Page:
Monday, January 04, 2010

Tenenbaum files motion for new trial attacking constitutionality of jury's award

In SONY BMG Music Entertainment v. Tenenbaum, defendant has filed a motion for new trial, attacking, among other things, the constitutionality of the jury's award as being violative of due process.

Motion for new trial

Commentary & discussion:

Keywords: lawyer digital copyright law online internet law legal download upload peer to peer p2p file sharing filesharing music movies indie independent label freeculture creative commons pop/rock artists riaa independent mp3 cd favorite songs intellectual property portable music player


DreadWingKnight said...

Here's hoping he gets it. I'm losing faith in the justice system as a whole as it sits right now.

StephenH said...

I hope he gets a new trial. I think that the "fair use" defense should be allowed. For example, lets say someone downloads a song from a P2P network that they own on CD for their iPod should qualify as fair use.

raybeckerman said...

Comment was rejected because it was replete with misinformation.

Anonymous said...

Perhaps Tenenbaum is crazy like a fox after all. It seems to me that this is the big game, and the case before this was simply the necessary preamble.

3L Student

Anonymous said...

This is the big game? Leading off with arguments that DRM and marketing made him commit infringement? Or that an unredacted confession somehow prejudiced his trial when it had zero relevance to the issues before the jury?

The document is full of spelling and grammatical errors. It commits a number of the cardinal sins of brief writing. And it forces the reader to wade through 20 pages of nonsense before getting to the only moderately relevant argument. To say that this is poor advocacy is an understatement.

Let's face it, this material is more appropriately placed in a law review article or a petition to a congressperson to amend the law. With this brief failing to provide any cogent reason for a new trial (which, with this team of advocates would be an unwise idea, especially given how well it worked out for Jamie Thomas) or citing even a single case where a statutory damage award was overturned as against due process, I can't fathom how this could be anything other than denied.

Reading the plaintiff's response should be very entertaining.


raybeckerman said...

I think they did a decent job on the brief, and that the verdict will be struck down.

raybeckerman said...

I've rejected 2 comments which contained misinformation, and 1 which made an unsupported ad hominem attack on defendant's lawyer.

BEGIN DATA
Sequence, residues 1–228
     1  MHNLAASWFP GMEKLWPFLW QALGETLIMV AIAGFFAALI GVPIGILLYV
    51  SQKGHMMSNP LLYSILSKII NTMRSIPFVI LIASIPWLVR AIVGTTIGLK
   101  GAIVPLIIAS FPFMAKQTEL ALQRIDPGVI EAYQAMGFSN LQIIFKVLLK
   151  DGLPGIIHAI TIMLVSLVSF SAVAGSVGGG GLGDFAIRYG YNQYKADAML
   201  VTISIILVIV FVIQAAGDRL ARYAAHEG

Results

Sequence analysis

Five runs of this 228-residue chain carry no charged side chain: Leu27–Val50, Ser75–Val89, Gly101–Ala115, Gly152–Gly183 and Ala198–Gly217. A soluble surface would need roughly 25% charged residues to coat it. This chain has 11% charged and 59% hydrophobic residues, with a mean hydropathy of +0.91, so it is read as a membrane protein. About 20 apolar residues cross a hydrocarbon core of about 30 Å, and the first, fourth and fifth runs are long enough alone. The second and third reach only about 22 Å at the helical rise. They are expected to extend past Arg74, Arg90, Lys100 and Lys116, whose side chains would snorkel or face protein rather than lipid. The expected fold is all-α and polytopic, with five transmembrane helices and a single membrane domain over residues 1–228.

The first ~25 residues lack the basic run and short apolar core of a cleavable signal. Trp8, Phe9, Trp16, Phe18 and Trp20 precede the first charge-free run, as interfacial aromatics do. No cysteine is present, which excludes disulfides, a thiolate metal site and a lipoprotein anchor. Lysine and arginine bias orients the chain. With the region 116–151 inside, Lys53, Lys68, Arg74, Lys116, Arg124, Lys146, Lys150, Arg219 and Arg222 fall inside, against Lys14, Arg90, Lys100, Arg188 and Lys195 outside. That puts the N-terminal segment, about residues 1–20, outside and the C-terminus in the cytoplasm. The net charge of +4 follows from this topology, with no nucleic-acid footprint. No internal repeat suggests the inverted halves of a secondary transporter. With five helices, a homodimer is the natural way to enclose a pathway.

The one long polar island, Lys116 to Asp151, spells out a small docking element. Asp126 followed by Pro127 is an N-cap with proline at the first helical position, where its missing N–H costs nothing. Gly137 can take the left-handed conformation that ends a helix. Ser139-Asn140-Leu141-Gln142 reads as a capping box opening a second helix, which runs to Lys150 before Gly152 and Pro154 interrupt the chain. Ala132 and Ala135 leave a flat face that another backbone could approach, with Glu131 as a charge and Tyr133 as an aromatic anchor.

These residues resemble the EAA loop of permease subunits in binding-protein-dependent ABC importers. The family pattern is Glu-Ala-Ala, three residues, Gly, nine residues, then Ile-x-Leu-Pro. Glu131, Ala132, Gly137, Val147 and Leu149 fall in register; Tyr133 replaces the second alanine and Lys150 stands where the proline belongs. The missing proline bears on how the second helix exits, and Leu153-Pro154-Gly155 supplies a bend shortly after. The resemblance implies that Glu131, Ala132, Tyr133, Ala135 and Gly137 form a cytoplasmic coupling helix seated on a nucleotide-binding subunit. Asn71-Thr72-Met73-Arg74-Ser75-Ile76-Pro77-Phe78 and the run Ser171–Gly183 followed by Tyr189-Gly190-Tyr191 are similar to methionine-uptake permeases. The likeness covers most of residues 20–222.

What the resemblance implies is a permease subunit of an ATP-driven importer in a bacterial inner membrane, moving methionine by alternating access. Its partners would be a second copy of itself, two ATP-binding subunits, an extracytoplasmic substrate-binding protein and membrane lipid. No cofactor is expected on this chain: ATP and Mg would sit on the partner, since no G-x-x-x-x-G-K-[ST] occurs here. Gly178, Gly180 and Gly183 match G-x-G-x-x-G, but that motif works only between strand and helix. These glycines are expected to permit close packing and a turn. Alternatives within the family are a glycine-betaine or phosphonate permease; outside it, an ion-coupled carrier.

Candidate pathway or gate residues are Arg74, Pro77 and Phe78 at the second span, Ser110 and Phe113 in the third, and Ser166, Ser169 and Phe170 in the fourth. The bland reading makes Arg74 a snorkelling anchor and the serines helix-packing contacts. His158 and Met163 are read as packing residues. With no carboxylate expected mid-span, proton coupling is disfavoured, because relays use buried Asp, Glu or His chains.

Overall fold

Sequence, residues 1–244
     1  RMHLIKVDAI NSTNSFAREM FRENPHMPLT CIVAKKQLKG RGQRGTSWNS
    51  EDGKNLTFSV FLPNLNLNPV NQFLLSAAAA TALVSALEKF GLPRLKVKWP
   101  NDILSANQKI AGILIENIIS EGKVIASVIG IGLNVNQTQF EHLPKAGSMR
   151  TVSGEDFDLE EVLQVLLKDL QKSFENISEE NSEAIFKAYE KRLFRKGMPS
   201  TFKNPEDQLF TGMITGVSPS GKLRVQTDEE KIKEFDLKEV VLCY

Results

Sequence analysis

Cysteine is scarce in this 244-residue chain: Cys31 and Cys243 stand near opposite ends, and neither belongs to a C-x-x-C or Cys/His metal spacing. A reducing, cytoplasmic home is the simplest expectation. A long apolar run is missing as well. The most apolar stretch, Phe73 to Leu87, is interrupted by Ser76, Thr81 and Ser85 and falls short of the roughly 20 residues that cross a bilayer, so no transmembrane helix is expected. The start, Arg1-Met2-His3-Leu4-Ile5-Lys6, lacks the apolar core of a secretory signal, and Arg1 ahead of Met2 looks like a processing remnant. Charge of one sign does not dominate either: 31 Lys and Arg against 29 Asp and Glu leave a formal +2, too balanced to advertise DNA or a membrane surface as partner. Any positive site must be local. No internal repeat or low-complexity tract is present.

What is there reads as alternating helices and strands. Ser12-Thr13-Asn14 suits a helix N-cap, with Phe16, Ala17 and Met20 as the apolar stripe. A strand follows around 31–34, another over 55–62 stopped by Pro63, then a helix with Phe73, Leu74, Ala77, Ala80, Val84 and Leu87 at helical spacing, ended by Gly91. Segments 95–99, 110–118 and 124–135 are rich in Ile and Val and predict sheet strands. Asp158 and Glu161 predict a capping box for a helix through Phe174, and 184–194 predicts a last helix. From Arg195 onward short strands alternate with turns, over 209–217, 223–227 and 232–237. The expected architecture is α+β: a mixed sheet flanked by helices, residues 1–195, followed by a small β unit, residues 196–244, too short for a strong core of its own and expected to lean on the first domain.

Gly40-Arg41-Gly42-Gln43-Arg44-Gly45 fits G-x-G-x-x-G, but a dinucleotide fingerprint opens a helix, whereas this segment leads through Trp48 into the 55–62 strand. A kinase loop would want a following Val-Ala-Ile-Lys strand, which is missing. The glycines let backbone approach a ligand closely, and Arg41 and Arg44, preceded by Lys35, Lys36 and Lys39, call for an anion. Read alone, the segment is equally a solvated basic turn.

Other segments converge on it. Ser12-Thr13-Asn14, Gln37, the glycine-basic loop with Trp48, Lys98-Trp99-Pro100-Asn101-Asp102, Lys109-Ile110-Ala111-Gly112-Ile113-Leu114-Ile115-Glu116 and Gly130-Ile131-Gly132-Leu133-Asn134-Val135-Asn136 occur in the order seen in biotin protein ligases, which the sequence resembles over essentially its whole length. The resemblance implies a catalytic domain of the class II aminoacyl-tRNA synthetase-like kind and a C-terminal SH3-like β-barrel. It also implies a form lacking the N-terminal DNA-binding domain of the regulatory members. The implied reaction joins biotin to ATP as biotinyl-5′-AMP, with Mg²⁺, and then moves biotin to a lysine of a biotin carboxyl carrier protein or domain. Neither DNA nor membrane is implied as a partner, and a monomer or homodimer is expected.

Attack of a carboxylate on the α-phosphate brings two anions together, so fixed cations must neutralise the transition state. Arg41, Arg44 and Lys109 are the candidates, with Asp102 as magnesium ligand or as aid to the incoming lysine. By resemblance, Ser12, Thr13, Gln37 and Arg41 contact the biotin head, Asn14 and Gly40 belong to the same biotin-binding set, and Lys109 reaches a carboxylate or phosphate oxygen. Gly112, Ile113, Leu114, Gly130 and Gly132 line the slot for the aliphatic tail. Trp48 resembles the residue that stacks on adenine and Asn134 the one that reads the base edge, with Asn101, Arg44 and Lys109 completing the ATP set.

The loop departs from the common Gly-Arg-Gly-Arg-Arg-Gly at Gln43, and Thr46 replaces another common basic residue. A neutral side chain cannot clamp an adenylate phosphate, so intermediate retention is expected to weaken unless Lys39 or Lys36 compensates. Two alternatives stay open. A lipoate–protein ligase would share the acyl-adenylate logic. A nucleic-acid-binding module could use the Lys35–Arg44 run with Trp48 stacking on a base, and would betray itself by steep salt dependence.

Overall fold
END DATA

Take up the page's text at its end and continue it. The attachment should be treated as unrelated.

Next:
Nobody Important said...

Maybe this is Neeson's whole strategy all along.

1) Botch the first trial on purpose to "win" an unrealistic and unpayable damages award against the defendant.

2) Appeal the whole process up the chain.

3) Bring all of the shady practices of the RIAA to the forefront of the judicial community.

4) . . . (Guess we'll have to wait on see on this one)

Anonymous said...

Fair and impartial justice, in my opinion, cannot prevail given the number of RIAA lawyers now holding appointments within the judicial system.
Our current administration has set the dominos to fall in a coordinated fashion, at the behest of, and for the benefit of those who believe their profit margins are being reduced due to invention and innovation they do not currently control.

Oldphart in Kansas

Anonymous said...

If I read the brief correctly, I believe Mr. Tenenbaum offered to settle in a letter which was redacted by either the court or plaintiff [as a layman, I would tend to suspect plaintiff, largely because that comes perilously close, from my perspective, to tampering with the trial evidence; and I wouldn't expect even a corrupt judge to be willing to go THAT far. Be that as it may, it's not pertinent here].

The offer was rejected (again, if I read right) before suit was commenced.

Doesn't this set of facts reflect poorly on plaintiff? I reason by analogy from contract law - which requires a payment offered AND accepted - or from the debt collection law - which places collection effort after a legitimate offer to settle is made in a bad light.

-Quiet Lurker

Anonymous said...

::LaLa::: Do you really think a letter enclosed with a money order isn't a settlement offer? Looks like one to me.

3L Student: I don't imagine Nesson's strategy is lose-then-win. AFAIK few people purposely lose cases just so they can do better on appeals, and we have no good reason to think differently here.


Matt Fitzpatrick said...

So... I forgot what the jury's award in this case was. Curious, I reviewed this blog's archives to remind myself.

There it was. $22,500. Per song. Without a single upload from Tenenbaum proven, or -- I assume the boilerplate complaint was used -- even alleged.

Ugh, I feel sick to my stomach. I'd say there's a good shot Judge Gertner got the same feeling.